College students learn about helping others
By Phyllis Moore
Published in News on December 17, 2009 1:46 PM
Meals On Wheels volunteer coordinator Andrea Bone, right, talks with Northwestern University students Katerina Herder, center, and James Ballard about their food delivery route to Fremont on Monday morning.
A group of Northwestern University students are giving up part of their holiday break to learn more about community service programs like WAGES.
Dr. Marlee Ray, executive director of WAGES -- Wayne Action Group for Economic Solvency -- said she contacted the school upon learning of the "Alternative Student Breaks" program.
"It seeks to educate (students) on specific social issues by immersing them in service learning activities in communities across the country," she said. "When I shared with them the kinds of social programs we have at WAGES, the university felt that their goals and our programs were a good match."
Fourteen students from the Illinois school will plug into various roles this week, Ms. Ray said.
"We're going to give them an overview of all our programs," she said. "They will be working with our Foster Grandparents and Senior Companions programs by helping with our recognition service.
"They are going to work with the congregant meal program through the Goldsboro Senior Center -- WAGES provides meals daily -- they are actually going to help with the holiday party Wednesday (and) will help by setting up and doing some of the activities and games."
The group will also assist with the Head Start and Meals on Wheels programs, the latter being a big undertaking as Meals on Wheels shuts down for a few days over the holidays.
"They'll help us pack boxes of food staples for our Meals and Wheels and congregant programs," Ms. Ray explained. "When we close for several days over the holidays, we send home non-perishable food to our homebound Meals on Wheels participants.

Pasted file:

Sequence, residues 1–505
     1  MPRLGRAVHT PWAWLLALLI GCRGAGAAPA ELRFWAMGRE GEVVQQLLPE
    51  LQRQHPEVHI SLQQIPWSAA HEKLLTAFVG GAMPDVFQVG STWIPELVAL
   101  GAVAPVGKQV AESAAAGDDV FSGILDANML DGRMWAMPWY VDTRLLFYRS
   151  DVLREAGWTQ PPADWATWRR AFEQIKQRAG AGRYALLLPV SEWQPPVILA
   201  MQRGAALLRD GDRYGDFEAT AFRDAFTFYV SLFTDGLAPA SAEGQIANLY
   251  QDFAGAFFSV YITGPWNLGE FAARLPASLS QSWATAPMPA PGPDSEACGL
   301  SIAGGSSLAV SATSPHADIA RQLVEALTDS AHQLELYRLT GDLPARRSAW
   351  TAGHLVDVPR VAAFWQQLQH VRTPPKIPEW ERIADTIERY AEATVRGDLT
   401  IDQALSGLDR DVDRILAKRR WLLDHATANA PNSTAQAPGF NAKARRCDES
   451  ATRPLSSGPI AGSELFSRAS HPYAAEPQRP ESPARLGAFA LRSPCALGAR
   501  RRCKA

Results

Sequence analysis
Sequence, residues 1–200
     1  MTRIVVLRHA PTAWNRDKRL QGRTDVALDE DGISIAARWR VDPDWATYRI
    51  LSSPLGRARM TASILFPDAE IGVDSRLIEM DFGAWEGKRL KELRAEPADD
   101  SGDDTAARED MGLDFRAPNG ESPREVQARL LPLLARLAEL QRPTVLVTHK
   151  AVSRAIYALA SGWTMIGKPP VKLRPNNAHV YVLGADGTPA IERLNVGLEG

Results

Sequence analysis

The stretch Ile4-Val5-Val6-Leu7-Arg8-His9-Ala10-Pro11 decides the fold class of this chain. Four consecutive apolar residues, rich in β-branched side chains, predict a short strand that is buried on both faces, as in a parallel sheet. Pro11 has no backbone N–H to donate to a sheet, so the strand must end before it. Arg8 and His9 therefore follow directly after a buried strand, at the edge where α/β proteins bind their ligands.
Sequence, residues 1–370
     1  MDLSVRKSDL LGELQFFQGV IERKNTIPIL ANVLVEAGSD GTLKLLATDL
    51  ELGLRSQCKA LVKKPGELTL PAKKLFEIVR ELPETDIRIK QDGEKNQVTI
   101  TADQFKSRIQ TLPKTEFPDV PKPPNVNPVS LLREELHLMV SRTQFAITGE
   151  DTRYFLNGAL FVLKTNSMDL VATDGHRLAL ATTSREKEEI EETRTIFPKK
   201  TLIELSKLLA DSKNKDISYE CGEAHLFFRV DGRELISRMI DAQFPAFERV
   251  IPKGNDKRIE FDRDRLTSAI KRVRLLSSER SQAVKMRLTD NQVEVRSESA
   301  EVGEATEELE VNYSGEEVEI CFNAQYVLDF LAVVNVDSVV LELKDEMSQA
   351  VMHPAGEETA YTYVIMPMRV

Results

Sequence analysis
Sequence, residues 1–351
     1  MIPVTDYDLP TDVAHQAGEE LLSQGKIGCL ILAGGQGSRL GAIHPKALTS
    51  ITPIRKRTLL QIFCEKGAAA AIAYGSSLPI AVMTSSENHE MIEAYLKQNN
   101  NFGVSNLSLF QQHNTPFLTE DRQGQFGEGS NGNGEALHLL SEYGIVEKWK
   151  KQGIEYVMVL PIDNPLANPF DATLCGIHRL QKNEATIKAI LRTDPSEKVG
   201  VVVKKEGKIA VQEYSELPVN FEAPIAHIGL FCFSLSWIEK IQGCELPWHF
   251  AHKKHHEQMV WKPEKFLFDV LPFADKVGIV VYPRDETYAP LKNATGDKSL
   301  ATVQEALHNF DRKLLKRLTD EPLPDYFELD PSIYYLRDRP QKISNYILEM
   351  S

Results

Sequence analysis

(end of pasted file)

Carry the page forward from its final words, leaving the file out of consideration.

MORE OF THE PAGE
"Taking on that project is a lot of extra work and time, so having a group of volunteers available to help us bring in those things and pack up three days' worth to deliver is wonderful."
And then there are the daily routines that keep the agency in running order, she said, such as office duties, working on the Web site, maintaining the playground.
"Our goal for them by the end of the week is to have a good understanding of how WAGES coordinates 11 different programs and also have an understanding of how those programs make a difference in our community," Ms. Ray said.
This is the second such trip for Katerina Herder, a senior dance and sociology major from Maryland. Most of the destinations are in the U.S., she said, with a smattering of overseas options.
"(Northwestern) seeks out trips to look at places all around the country to get students that are interested in doing service, where otherwise they might just be sitting at home during their break," said James Ballard, a senior from Evanston, Ill., majoring in German and theater. "You get to see the country and what programs there are. It's a great opportunity to meet like-minded people as well."
It's also a chance to get to know some of their fellow students, noted Ballard, especially those in different programs at the university. The gamut of majors represented among his travel companions on this trip range from biomedical majors to psychology and journalism.
One of the biomedical engineering majors is Lindsay Valentino, who hails from a suburb of Chicago.
It was worth it to pack up two vans and travel 1,000 miles from Illinois to Goldsboro -- and to donate a week of their Christmas vacation -- Ballard said.
"Everyone is super busy all the time, they have to be so focused on schoolwork all the time, so people who do have the desire to volunteer and help out in the community don't necessarily have the time to do it during the quarter," he said. "This is a really great opportunity to use that energy and desire to do an intensive program instead of an hour or two a week."
While the group will ultimately reunite after the break and reflect upon the experience, in the meantime, they pause at the end of each day to compare notes.
"We do what's called reflections -- sit around in a circle and talk about basically the day -- to help everyone think back on what we addressed and what we did during the day," Ms. Herder said. "It's really helpful to get that out. It just makes your experience that much fuller."
The students are staying at St. Paul United Methodist Church, with access to the Family YMCA for showers, Ms. Ray said.
"So we're getting a lot of good community support to be able to bring them in and host them and have them understand the needs of eastern N.C.," she said.